13. chrissid7

    chrissid7 Mouseketeer

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    OMG ok so while our stories started so differently they started to have a lot in common. 1st I must say Piper is beautiful and you are amazing and I know this because I just do!!!

    I was going to post some of my story here for ya but I tell ya what im going to go ahead tonight and tomorrw and finish my ptr introduction! I will tell ya though our daughters have a lot in common it sounds like (schedule, meds, mine also only went the 1st week of school, pill poppers teehee, and brave and stronger than we can put into words).

    Im so happy to read your ptr and I cant wait to hear more!! I can t wait also to learn more about piper! :hug:
     
  14. pipersmom

    pipersmom DIS Veteran

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    Thank you :lovestruc Woohoo..I've been keeping up with your ptr anyway, so I'll look forward to reading more :banana:
     
  15. maroo

    maroo DIS Veteran

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    Goodness!!!

    I used to work at a camp for disabled children and we had a week for each different disability or disease, including CF.

    Back then (this was years ago) they had to take a TON of enzymes with every meal, even a cracker. And they would put a bunch of those pills in their mouth. It was a major [​IMG] experience for me, too!

    Lauren has a similar schedule - her stuff is stretching and just the extra time it takes to get junk done. But I can relate to what that looks like every day...so hugs to all of you!

    I can not WAIT to see the interview with Piper!! :)
     
  16. pipersmom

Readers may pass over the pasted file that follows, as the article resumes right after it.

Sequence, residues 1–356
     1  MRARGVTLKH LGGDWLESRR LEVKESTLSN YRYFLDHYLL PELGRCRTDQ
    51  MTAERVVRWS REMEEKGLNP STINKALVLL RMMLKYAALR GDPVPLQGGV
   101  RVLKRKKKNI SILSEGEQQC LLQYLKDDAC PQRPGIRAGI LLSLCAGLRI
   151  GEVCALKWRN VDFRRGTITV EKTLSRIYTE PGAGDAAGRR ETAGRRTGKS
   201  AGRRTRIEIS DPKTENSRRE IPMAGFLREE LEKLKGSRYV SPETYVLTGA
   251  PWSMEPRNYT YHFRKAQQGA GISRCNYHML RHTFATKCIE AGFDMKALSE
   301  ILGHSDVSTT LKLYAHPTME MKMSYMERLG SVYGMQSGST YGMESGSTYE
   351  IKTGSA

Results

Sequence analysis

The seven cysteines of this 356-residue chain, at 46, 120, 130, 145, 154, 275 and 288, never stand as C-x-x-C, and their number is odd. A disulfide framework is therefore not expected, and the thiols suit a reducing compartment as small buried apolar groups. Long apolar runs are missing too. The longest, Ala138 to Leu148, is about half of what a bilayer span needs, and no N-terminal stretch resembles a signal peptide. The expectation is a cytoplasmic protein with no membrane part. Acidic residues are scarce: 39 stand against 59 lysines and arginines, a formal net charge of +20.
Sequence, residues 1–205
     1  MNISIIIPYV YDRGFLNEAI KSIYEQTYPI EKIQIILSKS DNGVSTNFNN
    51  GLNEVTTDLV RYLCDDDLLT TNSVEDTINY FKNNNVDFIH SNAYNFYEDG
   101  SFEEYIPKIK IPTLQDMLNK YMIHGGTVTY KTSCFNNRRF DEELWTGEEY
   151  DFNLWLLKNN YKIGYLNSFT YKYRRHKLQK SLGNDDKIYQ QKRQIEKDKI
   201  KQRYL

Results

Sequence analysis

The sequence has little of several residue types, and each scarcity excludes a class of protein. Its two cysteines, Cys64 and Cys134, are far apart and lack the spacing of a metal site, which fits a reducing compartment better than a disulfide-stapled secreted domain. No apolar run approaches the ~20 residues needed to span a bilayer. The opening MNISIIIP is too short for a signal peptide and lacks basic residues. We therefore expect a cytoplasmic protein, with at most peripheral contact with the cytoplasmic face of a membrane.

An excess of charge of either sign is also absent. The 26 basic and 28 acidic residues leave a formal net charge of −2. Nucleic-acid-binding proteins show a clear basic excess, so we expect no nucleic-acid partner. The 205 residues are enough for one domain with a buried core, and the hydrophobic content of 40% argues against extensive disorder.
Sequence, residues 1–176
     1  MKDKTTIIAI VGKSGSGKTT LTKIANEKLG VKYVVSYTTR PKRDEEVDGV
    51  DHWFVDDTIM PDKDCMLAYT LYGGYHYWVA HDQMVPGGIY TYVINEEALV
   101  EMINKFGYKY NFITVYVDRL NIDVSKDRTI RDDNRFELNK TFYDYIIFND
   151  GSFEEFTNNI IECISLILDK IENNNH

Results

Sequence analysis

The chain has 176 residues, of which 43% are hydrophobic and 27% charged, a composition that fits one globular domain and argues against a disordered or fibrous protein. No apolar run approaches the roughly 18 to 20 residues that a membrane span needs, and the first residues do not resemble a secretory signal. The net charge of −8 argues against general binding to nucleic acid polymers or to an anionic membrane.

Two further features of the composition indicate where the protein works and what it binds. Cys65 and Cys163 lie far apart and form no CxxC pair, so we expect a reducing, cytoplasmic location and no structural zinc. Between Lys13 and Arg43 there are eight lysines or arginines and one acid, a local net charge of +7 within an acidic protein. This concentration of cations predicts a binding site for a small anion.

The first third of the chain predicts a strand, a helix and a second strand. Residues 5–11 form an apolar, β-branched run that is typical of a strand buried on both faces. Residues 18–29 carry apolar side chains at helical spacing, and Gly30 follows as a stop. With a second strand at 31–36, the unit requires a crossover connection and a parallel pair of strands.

pipersmom DIS Veteran

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    We just upped Piper's enzyme strength a few months ago so she's only taking 3 with each meal..before that she was taking 7 ! My favorite part is when she's drinking a bottle of water or gatorade and accidentally loses a pill in the bottle..lol..nothing like fishing out wet slimy capsules :rolleyes:
     
  17. pipersmom

    pipersmom DIS Veteran

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    Piper has been battling a cold most of this week, but her o2 sats had stayed pretty good. Since yesterday those numbers have started to drop, with them getting too low for comfort this evening. After speaking with her Dr, we're going to probably start her on oxygen and home IV's on Monday. A hospitalization right now is just too risky with H1N1 running so rampant. Please keep her in your thoughts/prayers..we were supposed to leave for a mini-vacation in DC Friday, and she's going to be very disappointed. Since we'll be doing everything at home, I'll try to update frequently..
     
  18. stacy347

    stacy347 I carried a watermelon?

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    Prayers said for Piper. :hug:
     
  19. jordanyosh

    jordanyosh DIS Veteran

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    okay..i'm in....
     
  20. kdzbear

    kdzbear DIS Veteran

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    More prayers coming your way! :wizard:
     
  21. maroo

    maroo DIS Veteran

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    Praying!!

    We r sure it is not H1N1, right? Praying for u guys!!